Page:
Priya Malani, founding partner of Stash Wealth, a financial planning team that helps young professionals get smart with all things money, started her finance career at Merrill Lynch, where she had the inspiration to create a better, faster, and cooler way to manage money for twenty & thirty-something’s who need help navigating their finances.
She’s been featured in articles from publications like Bustle and Wealth Management, where she is admired for addressing her clients as H.E.N.R.Y’s (High Earners, Not Rich Yet), and helps them save for the future.
Priya offers us some fun, yet essential advice on financial planning as a young professional.
How did you get started in your career at Stash Wealth?
I started working in finance in 2003 at Merrill Lynch. I was immediately hooked as I loved the idea of creating wealth and providing freedom of choice through a solid financial foundation. Not long after I joined Merrill, it struck me as odd that the Financial Services Industry was basically ignoring my entire generation. Many of the practices were very old school so even if the big banks wanted to work with millennials, I knew the concepts wouldn't resonate.
What are the common negative money habits some of us have, and how can we fix them?
>>We spend money we don’t have (a.k.a. get into credit card debt) That doesn’t mean you shouldn’t use a credit card. In fact we encourage credit cards at Stash. Just make sure you can pay off your bill in full at the end of the month. If you don’t trust yourself not to overspend, consider a free site like Debitize which does the hard work for you.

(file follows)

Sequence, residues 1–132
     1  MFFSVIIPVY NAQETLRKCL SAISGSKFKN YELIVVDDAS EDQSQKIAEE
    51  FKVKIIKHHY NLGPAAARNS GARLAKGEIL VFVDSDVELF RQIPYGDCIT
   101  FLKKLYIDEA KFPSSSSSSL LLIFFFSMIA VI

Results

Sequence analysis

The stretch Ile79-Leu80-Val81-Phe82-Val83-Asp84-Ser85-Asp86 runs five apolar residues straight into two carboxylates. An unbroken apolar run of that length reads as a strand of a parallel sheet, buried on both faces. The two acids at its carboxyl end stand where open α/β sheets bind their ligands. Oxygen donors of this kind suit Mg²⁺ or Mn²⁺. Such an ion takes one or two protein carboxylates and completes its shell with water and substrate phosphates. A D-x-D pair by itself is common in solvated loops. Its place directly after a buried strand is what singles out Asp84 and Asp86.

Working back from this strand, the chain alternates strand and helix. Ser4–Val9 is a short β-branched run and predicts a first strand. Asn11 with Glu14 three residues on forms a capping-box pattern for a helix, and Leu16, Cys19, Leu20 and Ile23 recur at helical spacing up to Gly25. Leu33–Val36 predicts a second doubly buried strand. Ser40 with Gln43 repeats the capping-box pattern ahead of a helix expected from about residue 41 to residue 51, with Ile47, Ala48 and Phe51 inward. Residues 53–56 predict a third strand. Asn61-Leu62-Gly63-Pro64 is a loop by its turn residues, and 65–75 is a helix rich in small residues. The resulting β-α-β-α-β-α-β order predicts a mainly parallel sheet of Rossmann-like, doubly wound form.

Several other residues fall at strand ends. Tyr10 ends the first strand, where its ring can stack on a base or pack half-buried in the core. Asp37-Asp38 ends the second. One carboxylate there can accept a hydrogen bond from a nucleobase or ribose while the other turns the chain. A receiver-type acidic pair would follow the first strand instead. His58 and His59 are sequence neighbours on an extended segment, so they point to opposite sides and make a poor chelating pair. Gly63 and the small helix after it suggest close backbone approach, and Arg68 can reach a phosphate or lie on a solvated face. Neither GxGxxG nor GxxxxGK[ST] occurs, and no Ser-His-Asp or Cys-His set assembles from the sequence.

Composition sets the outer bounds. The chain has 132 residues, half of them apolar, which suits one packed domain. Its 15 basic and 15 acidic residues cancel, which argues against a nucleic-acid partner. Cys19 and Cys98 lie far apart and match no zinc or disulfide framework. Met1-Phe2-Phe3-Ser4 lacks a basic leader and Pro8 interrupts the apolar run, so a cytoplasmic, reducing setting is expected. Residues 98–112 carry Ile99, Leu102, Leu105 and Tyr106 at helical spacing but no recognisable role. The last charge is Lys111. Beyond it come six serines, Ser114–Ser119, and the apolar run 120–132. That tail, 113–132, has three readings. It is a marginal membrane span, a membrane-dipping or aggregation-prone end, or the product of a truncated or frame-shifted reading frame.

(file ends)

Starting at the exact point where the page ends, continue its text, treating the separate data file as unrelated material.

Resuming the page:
>>Living a lifestyle you can’t afford (goes hand in hand with the previous one). More here. Instagram makes it very tempting to try to keep up with your friends but just a friendly PSA from Stash: Your friends appear a lot richer on social media than they actually are!!
>>Saving for the sake of saving. When you’re putting money into a general savings account, it’s very easy to move it right back to your checking account when “Whoops! The credit card bill was a little high this month”
>>Confusing investing with gambling. Just because you’re buying Bitcoin or Amazon stock, doesn’t mean you’re investing - that’s gambling - don’t confuse the two.
What are some of the best ways to save effectively?
1 - Out of sight, out of mind. Keep your savings at a different bank than where you keep your checking account. You won’t have immediate access to it if you want to make an impulse purchase - that’s the point.
2 - Nickname your savings accounts. Stop saving for the sake of saving. Save with purpose so you’re less tempted to touch that money. Keep a separate account for each goal. Sounds tedious, but you’ll actually stick to your savings plan this way. Two common accounts we set up for our clients are: Travel and Holiday Gifts.
3 - Automate your savings. Technology is your best friend. Set up an automatic transfer from your checking account to each savings account the day after payday. Then watch your savings grow without lifting a finger.